For generations, Staten Island’s Fresh Kills Landfill was a dump, the receptacle for solid waste from all over New York City. From the time it opened in 1947 until closing in 2001, Fresh Kills was synonymous with its stench, a sad reminder of how our society is drowning in its own refuse. It was a place to avoid, the butt of a thousand jokes.
Today, Freshkills Park — the reengineered 2,200-acre site on the western shore of Staten Island — is well on its way to becoming one of the most innovative urban parks in the nation.
“It’s the largest landfill-to-park transformation in the world at the moment,” says Eloise Hirsh of the city’s Department of Parks and Recreation. Hirsh serves as the administrator of Freshkills, a position she has held since 2006.
Hirsh will be one of the speakers at the final talk in the “Beyond the High Line” series on September 23. Along with landscape architect and urban designer James Corner of James Corner Field Operations, lead designer on the Freshkills Park project (and High Line Park), Hirsh will present “Transforming Fresh Kills, Staten Island.”
The process of creating Freshkills Park is not a quick fix, and capping the massive piles of garbage — which give off both gas and liquid waste as they decompose — will pose a significant engineering challenge. (The city’s Sanitation Department is already harvesting the methane gas and selling it to a local utility. It’s enough to heat 22,000 homes and nets the city about $12 million in annual revenue, a sum that will decrease as the process of decomposition winds down.)
In 2006, the parks department assumed responsibility for implementing the Field Operations master plan. It expects construction to continue through 2030. The park will open in phases over that time.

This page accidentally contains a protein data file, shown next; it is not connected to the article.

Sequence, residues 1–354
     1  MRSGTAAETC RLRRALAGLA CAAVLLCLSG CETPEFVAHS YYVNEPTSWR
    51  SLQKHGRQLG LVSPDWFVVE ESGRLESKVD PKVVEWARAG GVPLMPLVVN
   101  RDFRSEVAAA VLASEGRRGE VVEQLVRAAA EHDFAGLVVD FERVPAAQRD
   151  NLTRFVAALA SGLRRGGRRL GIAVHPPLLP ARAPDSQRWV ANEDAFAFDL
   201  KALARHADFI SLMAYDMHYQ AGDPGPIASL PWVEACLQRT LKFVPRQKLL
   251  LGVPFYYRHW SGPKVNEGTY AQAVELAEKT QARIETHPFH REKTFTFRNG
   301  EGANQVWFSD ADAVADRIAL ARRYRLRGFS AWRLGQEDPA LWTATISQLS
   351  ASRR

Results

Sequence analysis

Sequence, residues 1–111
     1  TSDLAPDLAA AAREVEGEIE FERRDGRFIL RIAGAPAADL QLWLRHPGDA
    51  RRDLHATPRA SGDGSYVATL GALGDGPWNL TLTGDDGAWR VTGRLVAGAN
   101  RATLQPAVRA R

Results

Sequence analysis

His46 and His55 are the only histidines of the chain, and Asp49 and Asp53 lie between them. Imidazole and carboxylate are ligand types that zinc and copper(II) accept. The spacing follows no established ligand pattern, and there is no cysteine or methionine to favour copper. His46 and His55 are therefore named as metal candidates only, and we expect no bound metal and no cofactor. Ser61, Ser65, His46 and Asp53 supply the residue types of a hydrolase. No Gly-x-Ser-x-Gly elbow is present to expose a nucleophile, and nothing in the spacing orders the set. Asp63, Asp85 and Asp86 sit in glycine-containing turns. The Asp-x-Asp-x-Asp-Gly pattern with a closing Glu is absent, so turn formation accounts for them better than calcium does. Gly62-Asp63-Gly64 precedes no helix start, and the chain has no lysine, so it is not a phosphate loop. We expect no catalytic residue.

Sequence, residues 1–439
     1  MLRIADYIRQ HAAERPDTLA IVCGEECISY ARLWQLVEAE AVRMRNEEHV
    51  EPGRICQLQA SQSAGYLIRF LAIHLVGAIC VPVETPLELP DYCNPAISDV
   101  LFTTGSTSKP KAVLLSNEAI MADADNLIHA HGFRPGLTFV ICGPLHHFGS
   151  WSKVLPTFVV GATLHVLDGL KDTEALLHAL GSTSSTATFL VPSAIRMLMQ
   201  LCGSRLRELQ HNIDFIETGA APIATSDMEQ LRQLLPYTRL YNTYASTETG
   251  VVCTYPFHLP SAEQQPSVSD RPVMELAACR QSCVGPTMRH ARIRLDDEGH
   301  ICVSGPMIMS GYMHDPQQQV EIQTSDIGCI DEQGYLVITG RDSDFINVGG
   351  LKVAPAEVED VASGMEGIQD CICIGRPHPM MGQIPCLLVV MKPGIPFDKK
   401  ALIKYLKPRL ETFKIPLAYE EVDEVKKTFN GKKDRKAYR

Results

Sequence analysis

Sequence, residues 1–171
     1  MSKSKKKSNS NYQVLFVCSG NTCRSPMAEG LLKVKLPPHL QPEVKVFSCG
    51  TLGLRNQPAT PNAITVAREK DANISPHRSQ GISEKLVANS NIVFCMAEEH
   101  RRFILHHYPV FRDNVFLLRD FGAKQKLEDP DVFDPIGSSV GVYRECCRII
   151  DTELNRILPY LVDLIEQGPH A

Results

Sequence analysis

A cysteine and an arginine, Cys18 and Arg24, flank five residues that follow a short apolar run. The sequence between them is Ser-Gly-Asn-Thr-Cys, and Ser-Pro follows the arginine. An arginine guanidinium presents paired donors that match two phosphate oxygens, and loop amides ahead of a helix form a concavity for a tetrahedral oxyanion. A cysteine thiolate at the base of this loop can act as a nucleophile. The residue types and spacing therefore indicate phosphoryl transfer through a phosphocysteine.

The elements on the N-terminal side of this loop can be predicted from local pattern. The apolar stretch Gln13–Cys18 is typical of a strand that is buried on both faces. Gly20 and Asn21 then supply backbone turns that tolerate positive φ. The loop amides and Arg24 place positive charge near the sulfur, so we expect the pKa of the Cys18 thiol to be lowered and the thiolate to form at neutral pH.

The vision for the park’s future is a grand one. It includes a wide variety of uses — a partial list includes structured play spaces, open lawns, event venues, wildlife habitats, kayak launches, mountain bike trails and floating gardens. So far, the only portion to stay open on a regular basis is the Schmul Playground, an environmentally sensitive redesign of a traditional asphalt playground at the park’s periphery.
Hirsh says that part of her mission is to showcase the developing park in as many ways as possible. On September 29, her department will host its annual Sneak Peak at Freshkills Park, opening the gates for a daylong series of events and activities that allow the public to preview a park that, when complete, will be nearly three times the size of Central Park.
“We want to allow people to experience the site in some kind of focused way,” Hirsh says. “It allows the park to become real before it actually becomes a park.” School groups have visited and scientists have used the site to study bats, turtles and birds. Education and scientific research are a main component of the park’s mission. “These things will grow,” Hirsh says.
Already, Freshkills is proving its worth. With its wetlands under restoration and its mounds of refuse now becoming hills integrated into the landscape, the park took the hit of Hurricane Sandy and diffused the storm surge, protecting inland neighborhoods and suffering very little damage itself. “Freshkills Park is a very good example of what resilience should look like,” Hirsh says.
Even before the park’s completion, she says, it can serve as a model for combining the reclamation of an environmentally damaged landscape with public recreation. “It’s a project that a lot of people look to for ideas about what to do,” Hirsh says. “Everybody has landfill, and everybody wants to do something with it.”
Beyond the High Line: Transforming Fresh Kills, Staten Island. Monday, September 23, 6:30pm, on the High Line at West 14th Street.
Sarah Goodyear has written about cities for a variety of publications, including CityLab, Grist and Streetsblog. She lives in Brooklyn.